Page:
Thursday evening and just a few minutes after the departure of the Illinois Central train for the east, the police department was called up over the long distance telephone from Forest City by William Noonan and the officers were asked to detain a young man named Cole and the daughter of the complainant, who had eloped from Forest City. A hurried investigation was made by the officers and sufficient information secured to result in the belief the couple spent the day in Fort Dodge, coming here on the early morning Minnapolis & St. Louis train, and departing for the east over the Illinois Central.

According to the description received by the officers from the father of the girl, the young man, who answers to the name of Cole, is about twenty-one years of age, five feet ten inches in height, dark complexioned, and wore when last seen a blue suit, low shoes and a black soft hat. The girl is only sixteen years of age, light complexioned, with light, sandy hair, and wore a brown jacket and skirt. The father of the young girl not only opposes a match between the couple, but will also file a more serious charge against the young man if he is apprehended, that of abduction.


Mrs. Whitney Has Returned

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The Fort Dodge Messenger: Aug. 6, 1904

Mrs. Whitney Has Returned

Lehigh Woman Connected With Recent Scandal Comes Back to Old Home to Live

Gather Children Together

Will Attempt to Live Down Recent Ill Doings and Regain Lost Respect of Citizens. Lehigh, However, Will be Slow to Credit Good Intentions.

Mrs. A.E. Whitney, the Lehigh woman whose name was so prominent in the recent disgraceful stories connecting her name to that of R.A. Pettibone, the prominent business man and ex-mayor of the same city who is a man with a large family, has returned to Lehigh, rented rooms, gathered her scattered children together and professes her intention of making her home in the city for the future, in an attempt to live down the disgrace of her alleged actions in the recent scandal.

Claims to be Innocent of Much.

The woman claims to be innocent of much of which she had been charged and asserts there is nothing in the stories of her runaway with Pettibone. She acknowledges, however, that she she (sic) has been guilty of certain indiscretions in her associations with the man, and says she is anxious to live in the city and prove that she is capable of living a perfectly chaste and good life, and her greatest desire is to live down the scandal created by her folly and regain the respect of the citizens of the town where all of the trouble occurred.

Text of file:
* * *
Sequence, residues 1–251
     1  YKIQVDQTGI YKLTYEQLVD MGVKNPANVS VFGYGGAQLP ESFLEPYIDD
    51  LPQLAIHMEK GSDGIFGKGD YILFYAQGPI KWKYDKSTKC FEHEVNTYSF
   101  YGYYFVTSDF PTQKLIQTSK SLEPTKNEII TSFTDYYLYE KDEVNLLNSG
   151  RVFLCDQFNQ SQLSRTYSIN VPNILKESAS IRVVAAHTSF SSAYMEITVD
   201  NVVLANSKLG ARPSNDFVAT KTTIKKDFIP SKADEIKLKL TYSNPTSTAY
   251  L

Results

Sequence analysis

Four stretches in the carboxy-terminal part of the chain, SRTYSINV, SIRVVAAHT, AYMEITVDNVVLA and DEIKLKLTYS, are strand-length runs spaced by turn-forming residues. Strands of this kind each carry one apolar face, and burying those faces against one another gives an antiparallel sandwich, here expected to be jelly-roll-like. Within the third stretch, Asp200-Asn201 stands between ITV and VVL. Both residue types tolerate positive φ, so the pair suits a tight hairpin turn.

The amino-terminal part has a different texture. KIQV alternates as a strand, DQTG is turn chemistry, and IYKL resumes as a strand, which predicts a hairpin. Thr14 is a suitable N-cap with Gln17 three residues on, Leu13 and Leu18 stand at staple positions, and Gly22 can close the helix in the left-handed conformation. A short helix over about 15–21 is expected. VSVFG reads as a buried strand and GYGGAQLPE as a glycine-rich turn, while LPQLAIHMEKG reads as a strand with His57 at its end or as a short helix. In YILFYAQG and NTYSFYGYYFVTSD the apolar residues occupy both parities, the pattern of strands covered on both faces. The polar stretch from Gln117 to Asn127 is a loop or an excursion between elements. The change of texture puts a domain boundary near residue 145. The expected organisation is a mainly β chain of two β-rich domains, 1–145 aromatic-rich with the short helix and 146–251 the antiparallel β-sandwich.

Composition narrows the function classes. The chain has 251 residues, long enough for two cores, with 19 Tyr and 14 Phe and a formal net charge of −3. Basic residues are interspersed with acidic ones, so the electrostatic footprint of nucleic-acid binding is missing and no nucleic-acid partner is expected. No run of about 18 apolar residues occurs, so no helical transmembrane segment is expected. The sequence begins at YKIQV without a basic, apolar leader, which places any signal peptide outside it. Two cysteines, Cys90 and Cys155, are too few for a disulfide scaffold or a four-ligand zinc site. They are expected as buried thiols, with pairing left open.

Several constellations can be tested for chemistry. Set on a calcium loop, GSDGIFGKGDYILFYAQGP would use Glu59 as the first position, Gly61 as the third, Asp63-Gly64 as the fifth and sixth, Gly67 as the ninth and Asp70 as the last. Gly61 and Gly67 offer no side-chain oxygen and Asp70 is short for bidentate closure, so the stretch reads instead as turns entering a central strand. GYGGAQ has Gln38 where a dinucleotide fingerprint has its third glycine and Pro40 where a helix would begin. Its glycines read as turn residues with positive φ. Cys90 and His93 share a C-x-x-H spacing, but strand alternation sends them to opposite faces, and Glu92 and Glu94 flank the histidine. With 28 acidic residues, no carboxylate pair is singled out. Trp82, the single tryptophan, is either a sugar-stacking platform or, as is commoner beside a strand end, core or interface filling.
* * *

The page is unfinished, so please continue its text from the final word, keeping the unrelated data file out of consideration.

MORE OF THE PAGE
The Argus Article.

The article from the Lehigh Argus follows:

Mrs. A.E. Whitney, the woman that has had much notoriety thru the daily papers in connection with R.A. Pettibone of this place, has returned to Lehigh and will again make her abode her (sic). She arrived from Des Moines Saturday in which city she has been it is supposed since July 1st. She had had her little daughter Hopie with her during that time but left her at Des Moines with friends while she made a trip to this place.

Mrs. Whitney returned to Des Moines Wednesday and got the child and both returned to this place yesterday morning. Mrs. Whitney claims she is innocent of any serious sin and can vindicate her character which she claims has been wrongfully traduced. She admits however of talking “over the fence” with Mr. Pettibone and similar little tete-a-tetes which she had with him but stoutly denies having anything to do with him that was not perfectly proper and in accordance with the established rules of society.

Mr. Pettibone also says emphatically that his relation toward Mrs. Whitney was that of a gentleman and for the sensational stories that have been universally told by the newspapers he proposed to get even by big libel suits.

It yet remains to be seen in the eyes of the Lehigh people at large whether they are entirely innocent or not of many things for which they have been charged and it is hoped if they can prove their innocence and put a stop to all the stories that have been said concerning them.

Children Gathered Up.

Mrs. Whitney’s two boys have been in Lehigh since the first of July and the boys have not seen their mother since they left deep River at that time. The youngest has been cared for by the K.P. lodge at this place since the boys came here but will now be taken care of by Mrs. Whitney, who desires to keep the children together. The lodge was making arrangements for a home for the youngest boy but on the arrival of Mrs. Whitney and knowing of her desire to keep the children this will not be done. Mrs. Whitney claims she did not know of the death of her husband (who was killed in a mine in Colorado July 1st)  until July 20th and she had a letter from Colorado stating he expected to return to Lehigh. When she sent the boys to this place she supposed Mr. Whitney was h ere.

When Mr. Pettibone and Mrs. Whitney prove clearly their innocence to the charges which have been made against them, then they will be taken by the hand and helped to live an honorable life by every citizen of Lehigh, but this must be proven and until it is proven they must suffer for the follies of their own transgressions.